WASHINGTON -- Wanna make Republican senators squirm?
Just ask why their caucus isn't rallying behind fellow Sen. Ted Cruz (Texas) to defeat Donald Trump. You'll get a weak laugh, a stammer, maybe a suggestion that such a question has never occurred to them or the unreliable promise to get back to you.
"I don't know. That's something y'all write about," said Sen. Richard Shelby (R-Ala.), who then walked down a hallway in silence, surrounded by reporters waiting for more of an answer.
"That's tough to say. I'm just going to remain neutral," said Sen. Joni Ernst (R-Iowa).
"Uh, I'd guess I have to give that some more thought, so maybe I can catch you later," said Sen. John Hoeven (R-N.D.).
Sen. Pat Roberts (R-Kan.) didn't say anything for several seconds when asked why nobody likes Cruz. Finally, as the elevator doors started to close, he offered, "Well, that is the question, isn't it?"
As Republicans hem and haw over their lack of enthusiasm for Cruz, it doesn't take a close look at the Texan's brief Senate career to see what might be giving them pause. Cruz has been notoriously resistant to playing well with fellow lawmakers. He led a damaging shutdown of the federal government. He called Senate Majority Leader Mitch McConnell (R-Ky.) a liar. He was slow to endorse his own state's senior senator, John Cornyn (R-Texas), who is also No. 2 on the GOP leadership team, when Cornyn ran for re-election. Cruz also tried to spark another government shutdown over Planned Parenthood in a public feud with Cornyn and other leaders.
Yet Republicans find themselves in the position of looking to a man many of them dislike as their last best hope for derailing Trump, who they think would be a bigger disaster than Cruz at the top of the party's 2016 ticket. (Florida's Marco Rubio is also still in the race but fading fast as a possible Trump stopper.) So Republicans may have to find a better script to describe an unpalatable colleague.
Sen. John Thune (R-S.D.), the No. 3 member of GOP leadership, hunted valiantly for some positive words after he first emitted the uncomfortable chuckle that burbles forth from most Senate Republicans.
"Well, I mean, I, I, Ted's a smart guy," Thune said. "When his tenure in the Senate so far, I think, for the most part, has been being kind of a, trying to be a disrupter, look at what he can do to, kind of, I guess, change the way things work in the Senate."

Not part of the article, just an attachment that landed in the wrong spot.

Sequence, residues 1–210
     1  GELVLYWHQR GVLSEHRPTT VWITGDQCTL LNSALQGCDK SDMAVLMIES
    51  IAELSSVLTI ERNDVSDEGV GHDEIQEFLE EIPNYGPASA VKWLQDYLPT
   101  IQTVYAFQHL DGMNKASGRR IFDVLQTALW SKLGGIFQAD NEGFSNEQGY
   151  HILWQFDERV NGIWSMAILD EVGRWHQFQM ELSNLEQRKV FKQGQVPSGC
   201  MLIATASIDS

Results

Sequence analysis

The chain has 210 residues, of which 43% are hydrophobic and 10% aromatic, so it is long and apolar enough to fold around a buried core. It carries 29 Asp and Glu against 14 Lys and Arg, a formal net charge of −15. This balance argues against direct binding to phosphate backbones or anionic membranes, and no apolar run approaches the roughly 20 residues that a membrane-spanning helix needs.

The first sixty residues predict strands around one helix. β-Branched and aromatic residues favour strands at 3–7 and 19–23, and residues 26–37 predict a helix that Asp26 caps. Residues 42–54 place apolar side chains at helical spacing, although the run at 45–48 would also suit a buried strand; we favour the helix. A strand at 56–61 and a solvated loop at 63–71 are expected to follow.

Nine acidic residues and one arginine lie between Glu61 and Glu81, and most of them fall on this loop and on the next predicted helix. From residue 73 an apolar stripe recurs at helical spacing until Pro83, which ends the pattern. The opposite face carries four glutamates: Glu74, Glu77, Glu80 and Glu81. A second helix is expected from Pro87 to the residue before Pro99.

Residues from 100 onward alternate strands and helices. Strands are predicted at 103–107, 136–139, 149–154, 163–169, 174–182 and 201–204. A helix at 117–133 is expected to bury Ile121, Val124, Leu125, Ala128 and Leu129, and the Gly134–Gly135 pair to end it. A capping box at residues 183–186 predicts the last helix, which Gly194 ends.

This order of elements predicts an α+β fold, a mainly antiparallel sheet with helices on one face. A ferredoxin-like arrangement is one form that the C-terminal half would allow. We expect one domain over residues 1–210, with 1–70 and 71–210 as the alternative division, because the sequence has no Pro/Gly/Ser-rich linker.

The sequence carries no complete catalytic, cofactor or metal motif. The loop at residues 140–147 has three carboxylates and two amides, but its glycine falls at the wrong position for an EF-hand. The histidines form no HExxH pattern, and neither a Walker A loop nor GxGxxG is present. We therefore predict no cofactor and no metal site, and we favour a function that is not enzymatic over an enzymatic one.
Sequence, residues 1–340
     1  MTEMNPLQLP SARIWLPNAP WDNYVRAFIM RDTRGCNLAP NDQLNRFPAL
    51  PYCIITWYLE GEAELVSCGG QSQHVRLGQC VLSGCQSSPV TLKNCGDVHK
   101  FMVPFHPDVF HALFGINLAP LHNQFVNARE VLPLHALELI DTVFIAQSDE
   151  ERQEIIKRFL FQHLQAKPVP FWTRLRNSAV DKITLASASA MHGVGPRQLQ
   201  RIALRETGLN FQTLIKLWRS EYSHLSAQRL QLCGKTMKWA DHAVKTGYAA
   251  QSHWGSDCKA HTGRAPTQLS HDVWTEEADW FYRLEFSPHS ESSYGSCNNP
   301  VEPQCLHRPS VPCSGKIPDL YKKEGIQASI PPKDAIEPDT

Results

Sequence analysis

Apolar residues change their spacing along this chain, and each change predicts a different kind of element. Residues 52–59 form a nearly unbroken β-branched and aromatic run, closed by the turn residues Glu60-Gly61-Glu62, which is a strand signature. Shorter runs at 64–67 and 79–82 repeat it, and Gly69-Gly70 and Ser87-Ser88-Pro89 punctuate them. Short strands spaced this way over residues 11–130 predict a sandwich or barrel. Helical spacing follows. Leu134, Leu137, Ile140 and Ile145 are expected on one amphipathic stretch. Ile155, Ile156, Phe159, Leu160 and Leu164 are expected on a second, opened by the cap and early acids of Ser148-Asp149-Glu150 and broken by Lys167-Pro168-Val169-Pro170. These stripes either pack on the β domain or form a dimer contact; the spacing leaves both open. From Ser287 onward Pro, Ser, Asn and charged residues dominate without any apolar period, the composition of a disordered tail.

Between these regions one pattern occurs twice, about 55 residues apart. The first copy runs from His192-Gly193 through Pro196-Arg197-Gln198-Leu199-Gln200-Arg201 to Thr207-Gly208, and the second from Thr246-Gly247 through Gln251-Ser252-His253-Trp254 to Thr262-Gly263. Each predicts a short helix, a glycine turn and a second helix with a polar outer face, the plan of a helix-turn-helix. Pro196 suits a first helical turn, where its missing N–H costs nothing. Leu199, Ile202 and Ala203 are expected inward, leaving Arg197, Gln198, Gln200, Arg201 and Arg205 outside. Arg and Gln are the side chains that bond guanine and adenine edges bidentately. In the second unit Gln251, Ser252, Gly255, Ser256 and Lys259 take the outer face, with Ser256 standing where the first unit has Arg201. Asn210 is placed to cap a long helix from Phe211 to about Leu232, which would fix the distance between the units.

Sen. John Barrasso (R-Wyo.), who chairs the Republican Policy Committee, tried to focus on all the enthusiasm from GOP voters in this election cycle. "The energy is there for all of the candidates around the country," he said. But when it was pointed out that nobody in the Senate has endorsed Cruz, he stared blankly before disappearing into an elevator.
Some senators sought to avoid the topic altogether.
"I'm not getting into the presidential election. Good try," said Sen. Richard Burr (R-N.C.), who has his own re-election to worry about.
"You know … thank you for asking," joked Sen. Bob Corker (R-Tenn.), when asked if Cruz would be better than Trump. He said he's been careful not to endorse anyone.
"I had my chance to vote," he said, apparently referring to Tennessee's Super Tuesday primary. "I haven't even told my wife how I voted."
For a fleeting moment, it had looked like Cruz finally made some friends. National Review reported earlier Tuesday that a handful of senators were about to endorse Cruz. But later in the day, the news site retracted its report.
Even if Cruz manages to edge past Trump in the primaries, which will take a sea change in voting patterns, nonpartisan prognosticators are starting to predict that the top of the Republican ticket could be deadly for lawmakers down the ballot. Lower-tier candidates may be forced to focus on local issues in hopes of distancing themselves from a radioactive presidential nominee.
That seems to be the approach of Sen. Lamar Alexander (R-Tenn.), who isn't even up for re-election until 2020.
"I'm gonna let you speculate on that and look forward to having a nominee," Alexander said, with a weak laugh. As for Cruz still not having any Senate endorsements, he said, "Well, I'm, you know, I'm focused on local control for schools and bilingual education."
At least one senator sounded like Republicans could use the service of grief counselors to help them unite around Cruz.
"Just sometimes, in people's emotional experience, it takes a little bit longer for that to adjust," said Sen. Bill Cassidy (R-La.), who compared lawmakers' past problems with Cruz to marital difficulties.
"I think in any long-term relationship, there are times of stress," Cassidy said. "The overarching goal, though, hopefully dominates, and in this case it is taking care of the American people."
Democrats have their own theories on why Republicans are not flocking to Cruz.
"The answer is obvious: They know him," said Sen. Dick Durbin (D-Ill.).
Laura Barron-Lopez contributed reporting.